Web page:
To prevent being terminated, keep a close eye on your email and regularly review Amazon’s agreements and help pages as Amazon may change its procedures and guidelines at any time without notifying sellers. Monitor the customer metrics Amazon provides and compare your performance to the Amazon’s seller performance targets to make certain you are hitting the expected benchmarks.

Building an E-newsletter List? Make Sure You Are CAN-SPAM Compliant

What Should You Ask Your Accountant?

Have you ever felt burned by getting a piece of mail from your bank, cable company or insurer whose envelope blared “Important Account Information Enclosed”? You know the outcome: You opened the envelope, that “important information” turned out to be an ad.

Translate that print tactic into untold millions of e-newsletters in distribution, and you will understand why the CAN-SPAM business compliance guide was created.

Email a Powerful Attraction Tactic

Even in an age of Facebook “likes” and Twitter “tweets,” email and e-newsletters — when handled right — continue to be a robust tool for marketers.

  • According to 2011 statistics published by Exact Target, 42 percent of subscribers are more likely to purchase from a company whose emails they subscribe to.
  • The other side of that coin? Content Marketing Institute notes that the e-newsletter open rate can go as low as 8 percent, with monthly newsletters averaging in the low-20 range.

So the audience making up your e-newsletter lists needs to be one you screen carefully — those on your list should be the people most likely to find your information valuable enough to subscribe and to read at least occasionally with few opt-outs. If you use purchased e-newsletter lists, ensure they are from reputable sources consisting only of “opt in” subscribers.

Keeping Out of Trouble

Once you’ve identified an audience to invite as subscribers, you must establish an acceptable template for your message. Just a few false moves, and your carefully crafted e-newsletter could end up in the spam folder.

CAN-SPAM (Controlling the Assault of Non-Solicited Pornography and Marketing Act of 2003) establishes standards for commercial email, including e-newsletters. It spells out what you can and cannot say, and sets penalties for violations.

Under the CAN-SPAM rules, for example, you are required to:

  • Identify the nature of your message as an e-newsletter.
  • Tell recipients where you are located. Your e-newsletter must include both an email return address and a valid physical postal address.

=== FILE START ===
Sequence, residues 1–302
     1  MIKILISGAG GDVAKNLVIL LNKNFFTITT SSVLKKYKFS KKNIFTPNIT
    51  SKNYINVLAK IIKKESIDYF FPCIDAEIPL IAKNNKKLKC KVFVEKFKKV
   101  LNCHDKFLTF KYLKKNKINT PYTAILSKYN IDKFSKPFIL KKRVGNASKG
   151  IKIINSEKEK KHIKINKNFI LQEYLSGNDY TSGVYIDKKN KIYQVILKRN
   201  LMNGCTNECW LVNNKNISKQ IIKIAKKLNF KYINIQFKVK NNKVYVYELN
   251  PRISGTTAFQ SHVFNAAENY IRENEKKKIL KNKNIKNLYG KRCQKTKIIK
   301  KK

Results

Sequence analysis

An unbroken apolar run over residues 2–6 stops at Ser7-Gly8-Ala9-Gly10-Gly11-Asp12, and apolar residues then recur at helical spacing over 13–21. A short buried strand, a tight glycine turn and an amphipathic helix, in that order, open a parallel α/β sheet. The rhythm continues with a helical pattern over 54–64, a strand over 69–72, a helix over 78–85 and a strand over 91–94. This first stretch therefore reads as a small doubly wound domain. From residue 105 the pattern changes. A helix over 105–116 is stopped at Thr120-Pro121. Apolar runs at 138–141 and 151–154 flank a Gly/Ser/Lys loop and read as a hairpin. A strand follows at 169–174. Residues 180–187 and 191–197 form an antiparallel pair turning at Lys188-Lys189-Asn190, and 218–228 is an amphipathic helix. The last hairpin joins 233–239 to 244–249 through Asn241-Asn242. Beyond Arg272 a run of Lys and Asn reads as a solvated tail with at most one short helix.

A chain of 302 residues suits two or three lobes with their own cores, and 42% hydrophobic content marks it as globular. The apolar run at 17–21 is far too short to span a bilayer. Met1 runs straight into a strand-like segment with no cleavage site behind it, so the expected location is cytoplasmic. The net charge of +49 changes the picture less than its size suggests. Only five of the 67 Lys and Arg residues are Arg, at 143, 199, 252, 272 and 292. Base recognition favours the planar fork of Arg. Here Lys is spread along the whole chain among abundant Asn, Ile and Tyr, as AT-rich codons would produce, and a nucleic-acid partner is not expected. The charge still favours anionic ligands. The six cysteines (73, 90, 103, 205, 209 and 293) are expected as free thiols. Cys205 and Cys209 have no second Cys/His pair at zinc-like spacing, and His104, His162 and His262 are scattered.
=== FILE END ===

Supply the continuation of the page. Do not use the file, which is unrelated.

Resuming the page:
• Tell recipients how they can opt-out of your e-newsletter, and honor their request within 10 business days.

Conversely, the CAN-SPAM law prohibits:

  • False or misleading header information. In other words, the “To,” “From” and “Reply to” headers must accurately identify the person or company initiating the email.
  • Deceptive subject lines. No false promises, “gotcha” wording or other text that doesn’t reflect on the actual content of the e-newsletter.
  • Sending through an open relay or using harvested email address (both examples of technology that allows spammers to find and use lists).

And of course, the CAN-SPAM act requires you to truthfully describe any products or services you are offering for sale in your e-newsletter — and if you are positioning this information as an ad, you must identify it as such.

How to Attract More Subscribers

Subscribers can quickly become un-subscribers, so identifying and attracting new audiences is an important part of your e-newsletter strategy.

How can you encourage people to opt-in?

  • Promote your e-newsletter on your website’s homepage. Keep a colorful sign-up icon near the top of the screen, as you can never rely on visitors scrolling all the way down.
  • Invite new customers to subscribe. If someone makes a purchase through your website, follow it up with an email invitation to the newsletter. You can use the same tactic with visitors who leave contact information on your landing page.
  • Include a “send to a friend” link on every e-newsletter to encourage forwards from subscribers.
  • Promote your e-newsletter on your social media pages; include sneak-peeks of articles or offers that subscribers will find in the newsletter.
  • Offer a free gift to new subscribers. It can be a special deal or item associated with your business, or something general, such as a drawing for an iPad. (However, all giveaways and drawings must be “no purchase necessary” in nature and something anyone may enter.)

Test and Test Again